Mark Simmonds

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For the Australian saxophonist, see Mark Simmonds (saxophonist).
Mark Simmonds
High Level Prosperity Partnerships (10950413836).jpg
Parliamentary Under Secretary of State for Foreign and Commonwealth Affairs
In office
5 September 2012 – 11 August 2014
Preceded by Henry Bellingham
Succeeded by James Duddridge
Member of Parliament
for Boston and Skegness
In office
7 June 2001 – 30 March 2015
Preceded by Sir Richard Body
Succeeded by Matt Warman
Personal details
Born (1964-04-12) 12 April 1964 (age 53)
Worksop, Nottinghamshire, England
Nationality British
Political party Conservative
Spouse(s) Lizbeth Hanomancin Garcia
Alma mater Trent Polytechnic

Mark Jonathon Mortlock Simmonds (born 12 April 1964) is a Conservative Party politician in the United Kingdom. He was the Member of Parliament (MP) for Boston and Skegness in Lincolnshire, and was first elected in 2001, succeeding Sir Richard Body. He was re-elected in 2005 with a greatly increased majority before his subsequent re-election in 2010 - more than doubling his 2005 majority.

In September 2012 he was appointed to the Government as a Parliamentary Under-Secretary of State in the Foreign and Commonwealth Office. On 11 August 2014 he resigned this post and confirmed that he would step down as an MP at the 2015 general election.[1]

In October 2015, he was appointed Non-Executive Director of AIM-listed vertically integrated fertiliser company, African Potash.

Early life[edit]

Born in Worksop, Simmonds went to Worksop College, then Trent Polytechnic, where he obtained a BSc (Hons) degree in Urban Estate Surveying in 1986. He became an Associate of the Royal Institution of Chartered Surveyors in 1987. He worked as a surveyor for Savills from 1986 to 1988 and was a partner in Strutt & Parker from 1988 to 1996. He was a Director of Hillier Parker from 1997 to 1999 and a Chairman of Mortlock Simmonds Brown from 1999 until becoming an MP for Boston and Skegness.[2]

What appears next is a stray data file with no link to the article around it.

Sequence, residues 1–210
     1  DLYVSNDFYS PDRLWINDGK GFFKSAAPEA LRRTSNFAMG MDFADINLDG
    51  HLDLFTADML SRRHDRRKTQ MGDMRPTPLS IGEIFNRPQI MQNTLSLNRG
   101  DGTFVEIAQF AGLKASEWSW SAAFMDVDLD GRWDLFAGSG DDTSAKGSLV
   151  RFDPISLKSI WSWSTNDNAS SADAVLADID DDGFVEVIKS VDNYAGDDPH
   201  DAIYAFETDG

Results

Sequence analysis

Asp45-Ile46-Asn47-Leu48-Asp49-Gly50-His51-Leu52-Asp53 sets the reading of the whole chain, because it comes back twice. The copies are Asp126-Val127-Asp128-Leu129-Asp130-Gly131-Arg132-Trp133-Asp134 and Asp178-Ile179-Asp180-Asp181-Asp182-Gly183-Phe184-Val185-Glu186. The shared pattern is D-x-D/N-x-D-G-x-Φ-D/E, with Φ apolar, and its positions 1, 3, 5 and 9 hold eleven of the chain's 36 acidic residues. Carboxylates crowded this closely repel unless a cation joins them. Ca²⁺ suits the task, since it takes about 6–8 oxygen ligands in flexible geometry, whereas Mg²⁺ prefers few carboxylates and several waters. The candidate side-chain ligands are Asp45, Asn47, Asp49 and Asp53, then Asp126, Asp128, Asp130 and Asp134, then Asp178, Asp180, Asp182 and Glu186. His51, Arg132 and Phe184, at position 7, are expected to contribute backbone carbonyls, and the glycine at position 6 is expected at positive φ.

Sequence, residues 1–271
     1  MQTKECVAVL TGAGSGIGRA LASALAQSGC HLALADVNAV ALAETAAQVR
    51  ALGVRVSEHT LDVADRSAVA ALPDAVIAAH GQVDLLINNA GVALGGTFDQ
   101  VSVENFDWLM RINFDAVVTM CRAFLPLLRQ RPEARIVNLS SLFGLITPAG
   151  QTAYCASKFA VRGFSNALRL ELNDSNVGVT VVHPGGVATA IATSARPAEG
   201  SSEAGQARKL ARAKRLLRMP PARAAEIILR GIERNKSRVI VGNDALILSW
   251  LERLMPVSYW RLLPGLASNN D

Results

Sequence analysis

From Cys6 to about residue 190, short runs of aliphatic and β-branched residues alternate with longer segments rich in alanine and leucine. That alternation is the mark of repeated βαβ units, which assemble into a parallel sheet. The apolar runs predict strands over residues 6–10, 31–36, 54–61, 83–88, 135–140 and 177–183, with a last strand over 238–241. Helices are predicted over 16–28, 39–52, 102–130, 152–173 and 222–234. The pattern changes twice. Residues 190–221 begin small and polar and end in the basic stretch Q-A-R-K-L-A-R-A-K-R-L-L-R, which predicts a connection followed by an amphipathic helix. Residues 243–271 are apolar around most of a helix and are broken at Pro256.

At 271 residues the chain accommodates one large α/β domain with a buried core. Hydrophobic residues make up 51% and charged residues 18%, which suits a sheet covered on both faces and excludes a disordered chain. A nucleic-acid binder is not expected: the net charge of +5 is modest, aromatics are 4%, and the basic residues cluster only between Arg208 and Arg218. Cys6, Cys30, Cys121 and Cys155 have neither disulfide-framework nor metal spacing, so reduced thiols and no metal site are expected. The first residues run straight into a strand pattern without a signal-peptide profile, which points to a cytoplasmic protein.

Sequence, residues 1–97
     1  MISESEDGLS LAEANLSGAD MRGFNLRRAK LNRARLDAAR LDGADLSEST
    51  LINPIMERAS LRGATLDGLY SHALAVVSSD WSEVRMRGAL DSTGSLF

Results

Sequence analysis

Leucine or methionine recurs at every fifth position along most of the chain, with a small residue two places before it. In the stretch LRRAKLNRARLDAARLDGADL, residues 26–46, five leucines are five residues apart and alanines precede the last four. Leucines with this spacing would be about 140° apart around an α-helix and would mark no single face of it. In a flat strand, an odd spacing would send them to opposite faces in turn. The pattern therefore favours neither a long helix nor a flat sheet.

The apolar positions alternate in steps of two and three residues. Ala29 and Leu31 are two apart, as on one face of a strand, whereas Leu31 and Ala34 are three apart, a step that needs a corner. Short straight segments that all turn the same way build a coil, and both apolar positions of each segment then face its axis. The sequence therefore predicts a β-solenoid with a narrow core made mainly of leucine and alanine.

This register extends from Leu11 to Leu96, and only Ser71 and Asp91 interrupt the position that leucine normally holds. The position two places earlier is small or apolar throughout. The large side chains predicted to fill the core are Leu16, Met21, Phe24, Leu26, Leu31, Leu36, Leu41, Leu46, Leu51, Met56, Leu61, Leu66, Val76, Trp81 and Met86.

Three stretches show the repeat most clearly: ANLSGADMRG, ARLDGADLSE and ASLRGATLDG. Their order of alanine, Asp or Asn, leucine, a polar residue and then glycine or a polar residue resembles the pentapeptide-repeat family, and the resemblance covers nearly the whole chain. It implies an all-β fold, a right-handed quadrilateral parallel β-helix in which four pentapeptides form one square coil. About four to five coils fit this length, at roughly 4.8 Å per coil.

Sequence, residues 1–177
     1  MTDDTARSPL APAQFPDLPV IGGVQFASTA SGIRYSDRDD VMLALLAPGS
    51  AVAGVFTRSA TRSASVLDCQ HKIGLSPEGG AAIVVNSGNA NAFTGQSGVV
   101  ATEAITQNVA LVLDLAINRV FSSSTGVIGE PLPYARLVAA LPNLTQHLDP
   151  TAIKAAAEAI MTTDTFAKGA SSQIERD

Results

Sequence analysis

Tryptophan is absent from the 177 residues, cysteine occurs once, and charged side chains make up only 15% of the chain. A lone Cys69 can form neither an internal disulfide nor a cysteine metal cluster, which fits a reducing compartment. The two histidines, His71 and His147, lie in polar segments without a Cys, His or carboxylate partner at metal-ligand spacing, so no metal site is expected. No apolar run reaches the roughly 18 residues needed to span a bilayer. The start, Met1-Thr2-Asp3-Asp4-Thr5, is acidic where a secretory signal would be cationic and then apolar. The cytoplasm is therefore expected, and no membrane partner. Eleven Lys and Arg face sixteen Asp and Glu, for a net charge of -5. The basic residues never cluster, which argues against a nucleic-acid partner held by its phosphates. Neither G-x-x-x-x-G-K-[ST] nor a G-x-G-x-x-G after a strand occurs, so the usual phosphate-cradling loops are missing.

Parliamentary career[edit]

He contested the Ashfield seat in 1997. Simmonds was promoted to Shadow Health Minister in 2007.

On 5 September 2012, he was appointed as a Parliamentary Under-Secretary of State in the Foreign and Commonwealth Office.[3] In this role, he was also responsible for the British Overseas Territories.[4] He resigned on 11 August 2014, claiming that he cannot support his family in London on £120k + expenses.[5] According to the Telegraph, although Simmonds legitimately received over £500k from expenses since 2001, changes in the rules following the 2009 United Kingdom parliamentary expenses scandal meant he was no longer able to claim mortgage relief on a house in Putney.[6] He subsequently sold the house at a profit of £537k and bought Swineshead Abbey but said it was impossible for "a government minister with children to have a normal family life."[7]

Following his decision not to stand again, Simmons defended charging expenses to the taxpayer purported to total over £10,000 on hoardings and local radio, advertising the role of the MP and promoting democracy in line with current IPSA guideines. He claimed the money was necessary to communicate with constituents.[8] The political campaigning website 38 Degrees set up a petition calling for him to pay it back.[9]

Personal life[edit]

He married Lizbeth Hanomancin Garcia in December 1994 in London, and they have two daughters (born March 1999 and October 2000) and a son (born April 2002). He lives in his constituency in Swineshead in a house on the former site of Swineshead Abbey.

In 2012 he apologised to Parliament for failing to mention an interest in Circle Healthcare when speaking in support of the Health and Social Care Bill in Parliament.[10]


  1. ^ Watt, Nicholas. "Africa minister Mark Simmonds resigns | Politics". The Guardian. Retrieved 11 August 2014. 
  2. ^ "MSBL | Retail Specialists in Property | Mark Simmonds". Retrieved 2016-06-07. 
  3. ^ "Who we are - our Ministers". FCO (Official website). Retrieved 6 September 2012.
  4. ^ "New O.T. Minister for Cayman". Cayman 27. 6 September 2012. Retrieved 11 August 2014. 
  5. ^ Christopher Hope (11 August 2014). "Minister quits because £120,000 salary and expenses is not enough to support his family in London". Daily Telegraph. Retrieved 12 August 2014. 
  6. ^ Holly Watt (11 August 2014). "Mark Simmonds: Expenses system gave Foreign Office minister a £500,000 lift". Daily Telegraph. Retrieved 12 August 2014. 
  7. ^ Steven Swinford, and Holly Watt (12 August 2014). "How taxpayers helped fund £1m home of minister who can't live on MP's pay". Daily Telegraph. Retrieved 13 August 2014. 
  8. ^ "MP Mark Simmonds hits out at 'ridiculous' story that he has claimed more than £10,0000 in advertising back on expenses". 4 March 2015. Retrieved 6 March 2015. 
  9. ^ "£10,000? Mark Simmonds, pay it back.". Retrieved 6 March 2015. 
  10. ^ "MP apologises for failing to mention interest in health firm". BBC News. BBC. 21 February 2012. Retrieved 11 August 2014. 

External links[edit]

News items[edit]

Parliament of the United Kingdom
Preceded by
Sir Richard Body
Member of Parliament for Boston and Skegness
Succeeded by
Matt Warman